Schilling 'tapped out' of money after 38 Studios folds

Schilling 'tapped out' of money after 38 Studios folds
June 22, 2012, 3:15 pm
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Curt Schilling is "tapped out".

This we know after hearing Schilling on WEEI's Dennis and Callahan Show Friday morning, where he touched upon just about everything regarding his failed video game company, 38 Studios, for the first time since filing Chapter 7 bankruptcy roughly two weeks ago.

"I put everything in my name in this company," Schilling said on air. "I believed in it. I believed in what we had built. I never took a penny from this company. I never took a penny in salary, I never took a penny for anything."

And unfortunately, he never made a penny either, personally spending "just north of 50 million".

Schilling's company failed to make a loan payment to the state of Rhode Island in May, prompting its quick downfall. The public announcement by Rhode Island Governor Lincoln Chafee that he was trying to keep the company "solvent" was all it took.

The employees got blindsided," Schilling confessed. "One of the many, many mistakes I think that was made or that I made, or that we made as a leadership team was that this came out of nowhere for them. In all honesty, they found out because Gov. Chafee made a comment on Monday night about 7 oclock, a public comment which neither side had ever publicly commented on anything we were doing and it was based around keeping the company, he used the word solvent. That word, it was an enormous problem immediate for us.

"But the employees had no idea. Payday was the next day, and they didnt get a paycheck. And it just went downhill from there. The employees got blindsided. They didnt deserve it. It was not how we ever did business. The employees were everything. That was what the company was and it was about. I always told everybody, if something were going to happen youre going to have a month or two lead time. And I bombed on that one in epic fashion.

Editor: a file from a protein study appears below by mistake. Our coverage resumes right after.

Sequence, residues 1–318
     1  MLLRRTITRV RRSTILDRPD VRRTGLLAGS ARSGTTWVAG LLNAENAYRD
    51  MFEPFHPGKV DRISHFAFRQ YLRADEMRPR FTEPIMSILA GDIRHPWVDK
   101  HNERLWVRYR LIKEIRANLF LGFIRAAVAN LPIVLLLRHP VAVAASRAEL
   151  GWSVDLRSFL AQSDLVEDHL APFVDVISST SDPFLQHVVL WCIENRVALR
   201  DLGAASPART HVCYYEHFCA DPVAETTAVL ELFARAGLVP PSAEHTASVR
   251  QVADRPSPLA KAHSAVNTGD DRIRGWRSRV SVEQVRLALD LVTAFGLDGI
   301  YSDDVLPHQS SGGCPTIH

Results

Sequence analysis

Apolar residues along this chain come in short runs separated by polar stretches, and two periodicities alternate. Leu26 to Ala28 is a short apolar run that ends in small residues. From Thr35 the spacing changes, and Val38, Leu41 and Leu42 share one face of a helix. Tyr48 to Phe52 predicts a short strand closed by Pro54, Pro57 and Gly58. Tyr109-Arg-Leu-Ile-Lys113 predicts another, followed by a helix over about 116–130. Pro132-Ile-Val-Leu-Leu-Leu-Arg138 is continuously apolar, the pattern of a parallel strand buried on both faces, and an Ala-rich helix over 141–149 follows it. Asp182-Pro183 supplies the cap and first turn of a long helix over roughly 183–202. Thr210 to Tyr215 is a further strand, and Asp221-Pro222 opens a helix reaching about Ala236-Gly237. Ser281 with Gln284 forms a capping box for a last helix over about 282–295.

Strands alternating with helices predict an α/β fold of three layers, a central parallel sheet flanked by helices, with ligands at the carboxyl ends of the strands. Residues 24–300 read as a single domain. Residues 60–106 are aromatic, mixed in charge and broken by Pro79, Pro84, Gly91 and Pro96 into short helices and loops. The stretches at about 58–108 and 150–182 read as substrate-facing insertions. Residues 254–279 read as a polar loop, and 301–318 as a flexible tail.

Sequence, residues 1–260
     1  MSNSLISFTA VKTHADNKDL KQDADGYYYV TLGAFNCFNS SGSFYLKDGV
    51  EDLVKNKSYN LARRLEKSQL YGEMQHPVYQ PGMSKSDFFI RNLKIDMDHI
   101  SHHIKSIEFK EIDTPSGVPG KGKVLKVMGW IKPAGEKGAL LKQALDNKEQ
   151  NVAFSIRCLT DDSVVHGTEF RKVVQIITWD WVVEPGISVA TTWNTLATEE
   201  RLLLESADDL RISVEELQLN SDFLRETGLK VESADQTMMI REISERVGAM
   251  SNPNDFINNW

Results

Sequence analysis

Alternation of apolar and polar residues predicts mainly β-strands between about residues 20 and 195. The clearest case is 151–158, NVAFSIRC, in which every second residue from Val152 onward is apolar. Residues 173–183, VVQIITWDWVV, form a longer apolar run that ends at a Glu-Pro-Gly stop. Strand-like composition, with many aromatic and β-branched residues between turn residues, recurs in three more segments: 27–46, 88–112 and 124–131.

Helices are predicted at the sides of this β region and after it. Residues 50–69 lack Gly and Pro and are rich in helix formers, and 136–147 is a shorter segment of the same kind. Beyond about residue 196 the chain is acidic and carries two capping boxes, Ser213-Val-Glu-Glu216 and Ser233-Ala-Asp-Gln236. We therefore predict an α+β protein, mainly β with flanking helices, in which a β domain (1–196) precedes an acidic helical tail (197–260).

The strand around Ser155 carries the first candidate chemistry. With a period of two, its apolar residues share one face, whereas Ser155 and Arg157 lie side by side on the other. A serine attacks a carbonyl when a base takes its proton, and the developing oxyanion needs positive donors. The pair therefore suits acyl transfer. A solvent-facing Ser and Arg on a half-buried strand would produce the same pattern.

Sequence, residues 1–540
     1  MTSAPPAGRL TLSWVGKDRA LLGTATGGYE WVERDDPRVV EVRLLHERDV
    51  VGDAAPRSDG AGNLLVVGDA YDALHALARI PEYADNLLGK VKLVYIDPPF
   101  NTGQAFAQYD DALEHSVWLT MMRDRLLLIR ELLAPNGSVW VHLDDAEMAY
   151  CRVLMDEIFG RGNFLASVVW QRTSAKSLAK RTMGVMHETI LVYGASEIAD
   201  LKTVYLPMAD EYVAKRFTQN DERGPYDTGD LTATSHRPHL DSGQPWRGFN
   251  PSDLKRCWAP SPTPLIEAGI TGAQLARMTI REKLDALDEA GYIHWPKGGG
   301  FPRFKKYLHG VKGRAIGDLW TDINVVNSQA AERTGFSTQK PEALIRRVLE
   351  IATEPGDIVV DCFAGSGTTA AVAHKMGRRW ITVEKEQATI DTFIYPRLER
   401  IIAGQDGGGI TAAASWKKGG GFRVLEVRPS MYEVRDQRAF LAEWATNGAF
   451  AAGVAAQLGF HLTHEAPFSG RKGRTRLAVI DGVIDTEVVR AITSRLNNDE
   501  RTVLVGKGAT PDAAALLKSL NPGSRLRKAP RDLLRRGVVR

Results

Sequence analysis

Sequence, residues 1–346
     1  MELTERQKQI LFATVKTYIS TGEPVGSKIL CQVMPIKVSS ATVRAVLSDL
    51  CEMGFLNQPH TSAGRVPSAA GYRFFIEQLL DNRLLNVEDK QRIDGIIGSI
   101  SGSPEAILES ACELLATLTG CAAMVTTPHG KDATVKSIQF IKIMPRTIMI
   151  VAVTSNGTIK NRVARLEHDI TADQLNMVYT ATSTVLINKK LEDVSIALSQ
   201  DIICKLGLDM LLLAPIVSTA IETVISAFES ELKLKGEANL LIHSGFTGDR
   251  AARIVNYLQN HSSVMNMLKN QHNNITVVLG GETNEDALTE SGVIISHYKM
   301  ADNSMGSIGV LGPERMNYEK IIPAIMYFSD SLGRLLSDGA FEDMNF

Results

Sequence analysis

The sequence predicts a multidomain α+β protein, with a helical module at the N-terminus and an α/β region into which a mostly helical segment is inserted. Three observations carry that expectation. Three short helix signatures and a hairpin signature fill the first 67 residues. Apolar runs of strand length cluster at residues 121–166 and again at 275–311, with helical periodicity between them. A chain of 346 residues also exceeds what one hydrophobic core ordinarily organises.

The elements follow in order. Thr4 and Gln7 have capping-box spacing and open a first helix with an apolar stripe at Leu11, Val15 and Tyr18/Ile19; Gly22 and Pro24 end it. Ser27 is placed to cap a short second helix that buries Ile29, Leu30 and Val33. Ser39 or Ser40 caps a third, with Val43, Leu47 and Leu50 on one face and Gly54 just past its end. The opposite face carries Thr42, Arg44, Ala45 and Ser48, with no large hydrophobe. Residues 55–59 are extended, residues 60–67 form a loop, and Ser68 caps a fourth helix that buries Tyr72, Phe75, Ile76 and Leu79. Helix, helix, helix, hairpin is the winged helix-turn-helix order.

The default letter sent to the company by the state also "blindsided" 38 studios.

"We were actually confused as to why we got it," Schilling said. "Because again, this is our partner and were trying to work together to make the company successful. They had every right to issue it, weve never argued that, but we just assumed based on the conversation that they would be more cooperative."

Schilling invested plenty of his own money. He obviously had a ton of money in loans from the city. Ultimately, the reason the company failed is because they could never get enough private funding.

We didnt raise capital," Schilling said. "We didnt get private capital. At the end of the day, when you look at all the things that we did, I put all the money I said Id put in, I guaranteed the things I guaranteed from a loan perspective, I never took a penny out, and we spent the money exactly how we defined it in all the documentation with the state. And the one thing that we always listed as a going concern, we couldnt execute and we could not raise private capital. For a litany of different reasons Im sure if you ask anybody, theyll give you one or more reasons the hard part, and probably the most painful part, for the first time in 5 12 years, we were so close. And it just didnt work out.